From the trailhead at North Beach County Park, you’d never know this beach was once the site of a rubbish dump. Only the sharpest eyes will still find the occasional bit of water-polished glass bits among shoreline pebbles and rock, the origin of the site’s local “Glass Beach” moniker. As you approach McCurdy Point, you’ll start to see scattered evidence of history in the form of old tires and related detritus.
Many eagles make their community in the trees on the bluff above, so you are sure to sight — and hear — at least a few. Seabirds abound — I saw an oystercatcher, my first such sighting. A herd of seals enjoys gathering near the point; you’ll likely see a few of their cautiously curious faces poking up offshore along the length of the hike. The bluff walls offer geology geeks layers of time and geophysics to ponder.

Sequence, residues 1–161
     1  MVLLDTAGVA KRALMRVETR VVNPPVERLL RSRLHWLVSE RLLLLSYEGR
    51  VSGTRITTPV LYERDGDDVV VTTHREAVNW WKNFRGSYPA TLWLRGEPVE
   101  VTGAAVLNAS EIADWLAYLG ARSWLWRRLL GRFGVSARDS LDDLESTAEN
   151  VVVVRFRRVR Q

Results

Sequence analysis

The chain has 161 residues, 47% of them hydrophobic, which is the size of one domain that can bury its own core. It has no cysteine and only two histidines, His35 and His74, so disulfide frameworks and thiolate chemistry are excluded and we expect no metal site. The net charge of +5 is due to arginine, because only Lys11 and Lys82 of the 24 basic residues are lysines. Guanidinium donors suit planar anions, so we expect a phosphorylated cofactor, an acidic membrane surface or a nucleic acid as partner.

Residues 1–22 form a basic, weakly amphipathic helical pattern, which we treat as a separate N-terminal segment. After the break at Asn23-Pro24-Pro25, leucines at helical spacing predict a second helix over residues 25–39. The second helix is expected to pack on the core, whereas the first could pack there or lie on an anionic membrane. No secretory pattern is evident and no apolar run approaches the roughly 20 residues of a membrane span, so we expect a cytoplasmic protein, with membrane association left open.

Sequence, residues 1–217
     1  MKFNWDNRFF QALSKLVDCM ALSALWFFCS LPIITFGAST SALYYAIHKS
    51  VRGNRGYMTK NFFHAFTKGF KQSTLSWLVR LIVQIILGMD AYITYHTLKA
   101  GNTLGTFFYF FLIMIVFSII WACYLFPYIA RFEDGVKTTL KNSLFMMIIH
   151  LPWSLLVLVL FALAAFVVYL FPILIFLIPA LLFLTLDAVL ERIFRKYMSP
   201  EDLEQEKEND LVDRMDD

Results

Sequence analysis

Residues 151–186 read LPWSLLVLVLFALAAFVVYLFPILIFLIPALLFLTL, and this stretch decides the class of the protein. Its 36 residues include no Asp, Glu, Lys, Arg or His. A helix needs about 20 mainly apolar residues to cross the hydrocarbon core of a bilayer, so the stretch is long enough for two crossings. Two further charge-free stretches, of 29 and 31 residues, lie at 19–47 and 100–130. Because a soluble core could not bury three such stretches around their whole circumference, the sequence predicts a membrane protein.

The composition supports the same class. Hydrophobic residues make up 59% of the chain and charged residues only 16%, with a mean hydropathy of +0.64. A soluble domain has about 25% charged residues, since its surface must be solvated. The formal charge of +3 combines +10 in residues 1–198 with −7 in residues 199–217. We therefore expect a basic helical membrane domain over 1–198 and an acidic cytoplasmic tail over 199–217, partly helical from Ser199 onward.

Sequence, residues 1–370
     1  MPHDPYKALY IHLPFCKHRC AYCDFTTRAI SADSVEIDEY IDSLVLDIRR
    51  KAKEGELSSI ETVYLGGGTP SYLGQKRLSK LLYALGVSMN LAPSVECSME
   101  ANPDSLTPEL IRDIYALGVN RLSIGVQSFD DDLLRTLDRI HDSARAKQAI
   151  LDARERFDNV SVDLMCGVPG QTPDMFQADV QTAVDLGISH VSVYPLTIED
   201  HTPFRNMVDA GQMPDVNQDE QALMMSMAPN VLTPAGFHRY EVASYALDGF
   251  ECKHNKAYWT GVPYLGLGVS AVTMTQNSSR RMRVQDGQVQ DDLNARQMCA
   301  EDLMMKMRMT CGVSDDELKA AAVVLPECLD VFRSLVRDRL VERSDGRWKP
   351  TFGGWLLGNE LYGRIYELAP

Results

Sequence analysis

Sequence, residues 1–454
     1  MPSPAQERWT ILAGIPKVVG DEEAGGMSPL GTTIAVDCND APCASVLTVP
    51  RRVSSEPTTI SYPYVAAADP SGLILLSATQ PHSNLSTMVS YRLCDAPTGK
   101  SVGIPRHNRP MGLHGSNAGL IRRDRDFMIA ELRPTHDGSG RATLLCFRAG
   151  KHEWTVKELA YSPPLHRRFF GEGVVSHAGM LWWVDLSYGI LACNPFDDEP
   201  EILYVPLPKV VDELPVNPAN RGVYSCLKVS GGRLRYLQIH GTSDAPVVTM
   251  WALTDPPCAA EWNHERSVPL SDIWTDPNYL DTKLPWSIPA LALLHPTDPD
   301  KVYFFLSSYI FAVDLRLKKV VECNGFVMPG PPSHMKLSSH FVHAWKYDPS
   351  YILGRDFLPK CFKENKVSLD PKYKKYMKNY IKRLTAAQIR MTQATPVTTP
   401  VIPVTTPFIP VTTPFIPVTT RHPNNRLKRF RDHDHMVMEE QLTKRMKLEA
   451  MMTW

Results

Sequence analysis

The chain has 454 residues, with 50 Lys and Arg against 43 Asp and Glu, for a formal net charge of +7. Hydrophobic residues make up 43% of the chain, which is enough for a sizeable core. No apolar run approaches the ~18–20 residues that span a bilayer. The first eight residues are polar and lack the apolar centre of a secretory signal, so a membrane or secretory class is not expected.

The hike is popular, but many visitors turn back short of McCurdy point — go the distance and you may enjoy greater solitude as well as small tide pool viewing in lower tides. Hikers may occasionally need to climb over small logs during some tides.
Speaking of tides: It’s essential to respect the tide here. Consult a tide table and plan accordingly to avoid getting trapped at high tide – the sandy bluffs abut private property and offer few to no escape routes. One possibility is to start your journey shortly after peak high tide during a cycle that will give you plenty of time for the approximately 6-mile out-and-back distance.
Portable toilets, picnic tables and a small picnic shelter adjacent to the parking lot at the trailhead; more facilities and opportunities for hiking at adjacent Fort Worden Park.